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But this question of why was everybody in the city was so interested in organic food and believed in evolution, while people who didn't necessarily believe in evolution were open to GMOs was like a very basic contradiction I found fascinating. That was my entry point, and the fact that I knew that there hadn't really been a book written about farming. I think the farming is interesting, and I think these people are interesting and the world of farming is interesting, and nobody in New York knows anything about the way that combines work. Yet it's vital to the way that we live. All of that kind of came together and intrigued me.

It was eye-opening for me, as someone who truly had not previously given a whole lot of thought to where our wheat comes from.

It's funny because right now everybody's doing all this baking!

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I knew a little bit of the debate or the complexities of the debate around GMOs, but many people just have the message that GMOs are bad.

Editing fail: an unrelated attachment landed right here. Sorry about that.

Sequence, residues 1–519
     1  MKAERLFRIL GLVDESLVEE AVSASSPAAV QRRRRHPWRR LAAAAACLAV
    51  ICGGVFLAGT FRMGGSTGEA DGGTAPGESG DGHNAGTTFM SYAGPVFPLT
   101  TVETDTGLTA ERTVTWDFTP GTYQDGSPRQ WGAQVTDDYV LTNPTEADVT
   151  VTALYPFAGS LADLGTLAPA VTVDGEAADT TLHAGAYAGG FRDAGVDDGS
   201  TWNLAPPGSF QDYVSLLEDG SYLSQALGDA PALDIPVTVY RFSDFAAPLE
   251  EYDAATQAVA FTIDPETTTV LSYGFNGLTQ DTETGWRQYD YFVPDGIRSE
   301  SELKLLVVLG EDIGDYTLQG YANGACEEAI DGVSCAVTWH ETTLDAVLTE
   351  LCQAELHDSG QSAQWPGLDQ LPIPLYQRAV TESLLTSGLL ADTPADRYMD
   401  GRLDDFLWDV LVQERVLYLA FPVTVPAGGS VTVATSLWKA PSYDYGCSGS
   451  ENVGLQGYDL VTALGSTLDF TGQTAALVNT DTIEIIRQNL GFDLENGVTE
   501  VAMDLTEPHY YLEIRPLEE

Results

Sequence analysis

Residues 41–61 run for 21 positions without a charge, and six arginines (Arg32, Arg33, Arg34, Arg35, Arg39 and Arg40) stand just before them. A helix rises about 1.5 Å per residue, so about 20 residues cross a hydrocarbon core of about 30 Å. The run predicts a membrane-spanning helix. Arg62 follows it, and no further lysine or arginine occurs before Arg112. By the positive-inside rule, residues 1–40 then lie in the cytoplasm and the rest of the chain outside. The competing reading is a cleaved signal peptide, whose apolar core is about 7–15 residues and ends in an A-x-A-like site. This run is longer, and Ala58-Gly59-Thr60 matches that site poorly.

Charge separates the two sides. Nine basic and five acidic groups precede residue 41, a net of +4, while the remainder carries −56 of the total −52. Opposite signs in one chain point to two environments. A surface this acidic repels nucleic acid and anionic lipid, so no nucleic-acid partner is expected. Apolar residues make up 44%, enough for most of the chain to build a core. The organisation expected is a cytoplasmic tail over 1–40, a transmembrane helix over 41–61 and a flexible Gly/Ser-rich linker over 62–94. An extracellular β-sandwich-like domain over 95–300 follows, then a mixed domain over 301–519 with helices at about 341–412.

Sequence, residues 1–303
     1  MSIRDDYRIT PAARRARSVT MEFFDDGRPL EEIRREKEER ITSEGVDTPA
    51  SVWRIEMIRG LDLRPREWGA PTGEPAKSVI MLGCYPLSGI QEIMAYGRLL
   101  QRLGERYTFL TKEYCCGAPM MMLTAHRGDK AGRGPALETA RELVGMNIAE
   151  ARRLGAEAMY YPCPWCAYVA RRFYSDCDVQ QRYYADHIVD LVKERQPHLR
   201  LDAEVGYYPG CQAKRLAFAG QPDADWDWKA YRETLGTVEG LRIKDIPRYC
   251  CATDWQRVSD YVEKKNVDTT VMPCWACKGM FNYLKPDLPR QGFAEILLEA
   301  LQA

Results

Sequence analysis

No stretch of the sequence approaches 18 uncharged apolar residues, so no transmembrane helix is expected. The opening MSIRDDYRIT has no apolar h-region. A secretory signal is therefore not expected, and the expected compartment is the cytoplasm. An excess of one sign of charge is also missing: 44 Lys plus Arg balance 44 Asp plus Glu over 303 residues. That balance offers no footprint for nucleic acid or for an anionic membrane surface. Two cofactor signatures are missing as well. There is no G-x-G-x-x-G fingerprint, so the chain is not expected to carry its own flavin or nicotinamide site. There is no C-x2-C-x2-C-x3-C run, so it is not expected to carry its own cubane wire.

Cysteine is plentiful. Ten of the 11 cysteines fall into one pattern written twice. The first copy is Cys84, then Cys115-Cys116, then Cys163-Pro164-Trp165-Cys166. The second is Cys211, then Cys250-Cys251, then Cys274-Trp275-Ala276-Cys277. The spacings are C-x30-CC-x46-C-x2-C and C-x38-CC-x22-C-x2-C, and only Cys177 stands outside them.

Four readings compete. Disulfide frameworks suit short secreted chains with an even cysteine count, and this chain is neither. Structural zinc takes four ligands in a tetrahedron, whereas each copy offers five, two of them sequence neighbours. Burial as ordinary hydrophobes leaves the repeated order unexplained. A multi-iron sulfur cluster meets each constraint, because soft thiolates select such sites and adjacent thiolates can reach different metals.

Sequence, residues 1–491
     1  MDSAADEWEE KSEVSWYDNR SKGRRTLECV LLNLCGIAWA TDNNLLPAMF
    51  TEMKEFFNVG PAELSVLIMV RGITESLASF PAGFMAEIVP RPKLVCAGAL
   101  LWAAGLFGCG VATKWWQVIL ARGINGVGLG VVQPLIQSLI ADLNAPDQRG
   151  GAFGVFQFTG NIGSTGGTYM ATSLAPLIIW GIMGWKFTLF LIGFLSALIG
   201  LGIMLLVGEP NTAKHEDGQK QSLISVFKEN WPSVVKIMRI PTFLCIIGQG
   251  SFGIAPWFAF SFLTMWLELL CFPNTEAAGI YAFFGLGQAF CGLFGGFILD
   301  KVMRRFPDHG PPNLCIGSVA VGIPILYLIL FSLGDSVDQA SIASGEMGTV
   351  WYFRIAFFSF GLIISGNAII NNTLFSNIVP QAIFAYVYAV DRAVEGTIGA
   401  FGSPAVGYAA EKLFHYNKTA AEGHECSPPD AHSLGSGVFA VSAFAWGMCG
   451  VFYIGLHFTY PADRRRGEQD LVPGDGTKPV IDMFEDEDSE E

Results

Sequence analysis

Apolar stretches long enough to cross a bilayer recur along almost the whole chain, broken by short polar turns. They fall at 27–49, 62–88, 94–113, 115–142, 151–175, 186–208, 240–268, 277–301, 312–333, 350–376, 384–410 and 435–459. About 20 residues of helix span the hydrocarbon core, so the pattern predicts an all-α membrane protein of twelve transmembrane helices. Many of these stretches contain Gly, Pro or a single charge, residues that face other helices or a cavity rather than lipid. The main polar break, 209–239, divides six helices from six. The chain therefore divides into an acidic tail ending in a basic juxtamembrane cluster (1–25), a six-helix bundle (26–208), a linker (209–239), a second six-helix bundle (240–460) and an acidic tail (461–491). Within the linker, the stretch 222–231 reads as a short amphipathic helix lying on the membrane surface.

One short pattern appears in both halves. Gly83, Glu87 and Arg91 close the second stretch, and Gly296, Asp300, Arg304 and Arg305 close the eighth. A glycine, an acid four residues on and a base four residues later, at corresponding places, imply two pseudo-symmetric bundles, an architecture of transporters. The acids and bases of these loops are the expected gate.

I don't think that I'm an expert. I certainly read a lot and tried to present a lot of information in the book. I remember years ago, my father just saying in this offhand way, "Well, it sounds like organic food is finally making a profit." He said it in a way to imply that he thought organic food was kind of funny. He didn't think terribly highly of the endeavor. I knew that his attitude, even though we lived on the west coast, was that organic food was silly. I knew that my peers, increasingly as I went though life and had been on the same trajectory I was on, really valued organic food. But I had never really sat down and examined what the attitudes were and why they were there. 

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I also did not know, going into this, just how how rapidly our farmland has been disappearing in this country. You talk about the Wheat Belt and you talk about the quality of the wheat, how it varies from place to place. What are you thinking now when you see where we are in terms of having to really know these things and care about them?